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Notes from Abroad: Anna in Japan
Anna Hirschler ’18 is an Asian Studies major with a concentration in Japanese studying in Tokyo, Japan.
My name is Anna Hirschler, and I am working toward an Asian Studies major with a concentration in Japanese. Currently I am studying abroad in Japan at Tokyo International University. This is the first time I’ve travelled outside of North America, and to a country where the predominantly spoken language is not English. It has been an incredible learning experience thus far, because I can connect the words and vocabulary that I have learned previously to the tangible things in front of me. No longer are they just static vocabulary words on a page. Often I will see kanji that I learned in class outside, and be able to make a real life connection to the vocabulary. For example, I learned the kanji for “be careful, or cautious” and then I noticed that there are signs with this kanji posted by doors of the train, urging people to be careful of the doors closing. Being in Japan also forces me to speak in Japanese more often, even if I struggle to form complete sentences. I’ve always been rather self-conscious when it comes to speaking Japanese, and I think that the fear of making mistakes is still engrained, but being physically present has put my knowledge to the test. It has also helped me to throw my embarrassment out the window, and I can laugh about my mistakes. For example, while conversing with my host family over LINE (a commonly use social media app), I mistakenly wrote in Japanese that I ‘made’ a west exit, instead of saying I ‘went out’ of the west exit. When they gently informed me of my mistake, I couldn’t stop laughing, pretending to punch holes in the wall to ‘make’ an exit. Silly mistakes like these solidify the correct answers in my memory. My host family is very patient with me, and when speaking directly to me they talk slowly and allow me plenty of time to think.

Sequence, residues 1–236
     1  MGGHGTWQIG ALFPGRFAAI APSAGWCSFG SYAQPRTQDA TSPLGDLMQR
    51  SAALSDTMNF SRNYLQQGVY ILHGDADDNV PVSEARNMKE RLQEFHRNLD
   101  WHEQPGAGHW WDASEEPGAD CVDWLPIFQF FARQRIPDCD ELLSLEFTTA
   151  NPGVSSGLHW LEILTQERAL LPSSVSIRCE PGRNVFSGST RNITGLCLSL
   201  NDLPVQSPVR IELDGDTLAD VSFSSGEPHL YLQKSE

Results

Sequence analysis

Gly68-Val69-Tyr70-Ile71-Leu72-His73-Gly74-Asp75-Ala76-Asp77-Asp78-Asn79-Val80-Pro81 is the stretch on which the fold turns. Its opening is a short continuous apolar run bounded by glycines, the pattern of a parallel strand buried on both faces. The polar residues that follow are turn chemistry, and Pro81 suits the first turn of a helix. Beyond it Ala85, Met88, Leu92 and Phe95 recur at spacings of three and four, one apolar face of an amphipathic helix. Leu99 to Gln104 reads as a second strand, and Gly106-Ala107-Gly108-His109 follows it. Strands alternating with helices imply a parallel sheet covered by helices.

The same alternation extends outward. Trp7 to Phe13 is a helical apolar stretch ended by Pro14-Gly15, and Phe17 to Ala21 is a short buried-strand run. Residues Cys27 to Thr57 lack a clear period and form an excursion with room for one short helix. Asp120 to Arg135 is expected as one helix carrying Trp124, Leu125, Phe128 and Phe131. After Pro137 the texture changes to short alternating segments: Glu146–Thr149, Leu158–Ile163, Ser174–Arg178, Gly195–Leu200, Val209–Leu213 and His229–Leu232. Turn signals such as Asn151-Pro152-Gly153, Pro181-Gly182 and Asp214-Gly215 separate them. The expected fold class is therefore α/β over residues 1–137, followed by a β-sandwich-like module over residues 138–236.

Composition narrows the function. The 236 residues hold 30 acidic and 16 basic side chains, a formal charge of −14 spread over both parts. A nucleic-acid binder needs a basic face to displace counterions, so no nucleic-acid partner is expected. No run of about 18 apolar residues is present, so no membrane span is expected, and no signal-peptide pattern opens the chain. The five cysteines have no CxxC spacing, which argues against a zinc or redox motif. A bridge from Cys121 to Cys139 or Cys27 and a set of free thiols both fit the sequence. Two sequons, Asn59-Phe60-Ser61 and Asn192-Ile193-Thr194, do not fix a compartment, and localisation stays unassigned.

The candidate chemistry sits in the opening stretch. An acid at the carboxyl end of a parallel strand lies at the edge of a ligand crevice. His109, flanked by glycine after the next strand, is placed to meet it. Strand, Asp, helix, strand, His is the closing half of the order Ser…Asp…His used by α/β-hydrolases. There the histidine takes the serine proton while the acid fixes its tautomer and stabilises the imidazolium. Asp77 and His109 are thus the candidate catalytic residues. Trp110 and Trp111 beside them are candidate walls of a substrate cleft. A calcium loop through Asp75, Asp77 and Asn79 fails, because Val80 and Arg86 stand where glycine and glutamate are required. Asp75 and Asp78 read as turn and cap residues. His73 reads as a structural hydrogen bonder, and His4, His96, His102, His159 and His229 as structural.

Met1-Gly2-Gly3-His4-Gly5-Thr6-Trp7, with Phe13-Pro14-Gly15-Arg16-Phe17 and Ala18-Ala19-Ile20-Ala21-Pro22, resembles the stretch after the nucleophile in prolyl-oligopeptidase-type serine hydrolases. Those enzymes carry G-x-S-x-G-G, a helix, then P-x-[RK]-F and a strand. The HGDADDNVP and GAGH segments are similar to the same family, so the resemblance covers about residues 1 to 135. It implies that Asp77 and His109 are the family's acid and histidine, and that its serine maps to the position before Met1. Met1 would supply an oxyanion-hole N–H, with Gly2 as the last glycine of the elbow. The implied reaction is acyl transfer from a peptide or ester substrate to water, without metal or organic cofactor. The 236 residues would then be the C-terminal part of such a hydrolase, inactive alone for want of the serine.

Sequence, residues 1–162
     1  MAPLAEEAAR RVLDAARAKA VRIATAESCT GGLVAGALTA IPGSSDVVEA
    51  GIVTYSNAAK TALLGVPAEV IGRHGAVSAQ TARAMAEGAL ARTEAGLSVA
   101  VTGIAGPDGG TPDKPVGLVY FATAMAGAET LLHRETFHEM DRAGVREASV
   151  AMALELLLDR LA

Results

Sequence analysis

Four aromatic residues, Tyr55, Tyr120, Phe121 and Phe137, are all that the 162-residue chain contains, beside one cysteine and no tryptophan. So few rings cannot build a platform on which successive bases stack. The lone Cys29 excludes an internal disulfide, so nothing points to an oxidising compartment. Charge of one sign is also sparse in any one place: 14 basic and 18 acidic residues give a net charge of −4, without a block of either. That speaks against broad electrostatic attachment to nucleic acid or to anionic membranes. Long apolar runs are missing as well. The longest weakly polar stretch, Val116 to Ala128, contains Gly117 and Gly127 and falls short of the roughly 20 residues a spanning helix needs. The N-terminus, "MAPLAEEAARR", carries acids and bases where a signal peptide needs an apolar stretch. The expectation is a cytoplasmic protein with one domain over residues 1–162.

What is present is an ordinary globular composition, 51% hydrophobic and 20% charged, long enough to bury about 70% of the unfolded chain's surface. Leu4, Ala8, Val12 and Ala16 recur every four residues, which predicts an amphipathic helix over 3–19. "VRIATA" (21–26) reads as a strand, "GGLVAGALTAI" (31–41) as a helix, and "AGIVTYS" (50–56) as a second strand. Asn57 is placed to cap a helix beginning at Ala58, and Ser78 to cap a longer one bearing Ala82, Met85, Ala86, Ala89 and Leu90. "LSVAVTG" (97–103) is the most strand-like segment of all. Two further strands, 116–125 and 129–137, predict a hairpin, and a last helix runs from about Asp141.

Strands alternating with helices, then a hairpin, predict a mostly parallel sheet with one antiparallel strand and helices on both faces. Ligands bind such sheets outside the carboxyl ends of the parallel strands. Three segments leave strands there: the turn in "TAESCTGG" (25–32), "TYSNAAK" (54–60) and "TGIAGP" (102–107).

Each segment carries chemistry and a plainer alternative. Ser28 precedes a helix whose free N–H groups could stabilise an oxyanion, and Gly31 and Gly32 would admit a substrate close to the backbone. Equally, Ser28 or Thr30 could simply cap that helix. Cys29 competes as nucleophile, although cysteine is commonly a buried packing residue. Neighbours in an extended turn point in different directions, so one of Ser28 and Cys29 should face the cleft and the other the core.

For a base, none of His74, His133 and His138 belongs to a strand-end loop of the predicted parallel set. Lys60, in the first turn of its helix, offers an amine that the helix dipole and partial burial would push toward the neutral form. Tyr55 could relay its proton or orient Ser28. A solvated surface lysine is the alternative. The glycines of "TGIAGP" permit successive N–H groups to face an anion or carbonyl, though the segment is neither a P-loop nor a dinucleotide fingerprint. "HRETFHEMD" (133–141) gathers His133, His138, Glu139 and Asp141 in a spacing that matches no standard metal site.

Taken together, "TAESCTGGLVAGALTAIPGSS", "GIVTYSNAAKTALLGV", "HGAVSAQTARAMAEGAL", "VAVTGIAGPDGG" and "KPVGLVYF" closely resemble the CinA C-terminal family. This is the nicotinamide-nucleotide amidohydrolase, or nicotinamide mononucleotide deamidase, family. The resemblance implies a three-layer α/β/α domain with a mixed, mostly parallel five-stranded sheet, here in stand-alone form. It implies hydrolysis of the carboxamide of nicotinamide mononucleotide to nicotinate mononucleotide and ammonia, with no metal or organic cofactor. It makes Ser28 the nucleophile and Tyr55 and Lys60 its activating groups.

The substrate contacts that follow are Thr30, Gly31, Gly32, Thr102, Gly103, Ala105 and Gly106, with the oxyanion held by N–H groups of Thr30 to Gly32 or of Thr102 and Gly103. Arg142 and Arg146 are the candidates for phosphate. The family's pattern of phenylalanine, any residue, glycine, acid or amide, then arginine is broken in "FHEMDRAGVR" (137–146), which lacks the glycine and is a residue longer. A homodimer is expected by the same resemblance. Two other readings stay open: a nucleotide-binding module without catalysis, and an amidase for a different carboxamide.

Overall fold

Other interactions have also been helpful and exciting. One day, a fellow student and I did not have class, so we agreed to go explore Harajuku together. That day I wore a t-shirt that had a Korean singer by the name of G-Dragon pictured on the front. While my friend and I were looking around a store, one of the shopkeepers approached me excitedly. She pointed to my shirt, and told me that she really loved G-dragon, and she asked if I had seen him in concert. I told her that I had, and she asked where. She was surprised that I had seen him in Chicago (At the time he was on tour, and had already been to Japan in Osaka, hence her surprise). She told me that she was going to see him at the Tokyo Dome. To my astonishment I understood everything she was saying! As my friend and I left the store, I told the shopkeeper that I hoped she had fun going to the concert, or rather, with fumbling grammar; I said the word ‘fun’ and gestured to her. She understood what I meant, thanked me, and waved as we left. This interaction, though it was a very small one, further instilled within me a burning desire to study harder, because it was so exciting to be able to comprehend everything that was said! Most of the time, while listening to my host family chat, I can only pick out a select few words. In any case, I am delighted to be here in Japan, because my new classroom extends much, much further than a textbook.
I am truly grateful to be able to study here, and without the support of my donors, I would never have made it across that formidable ocean. Much gratitude to The Benjamin Gilman Foundation, The Bridging Japan Foundation, and Mrs. McGowan, for making this unforgettable semester possible.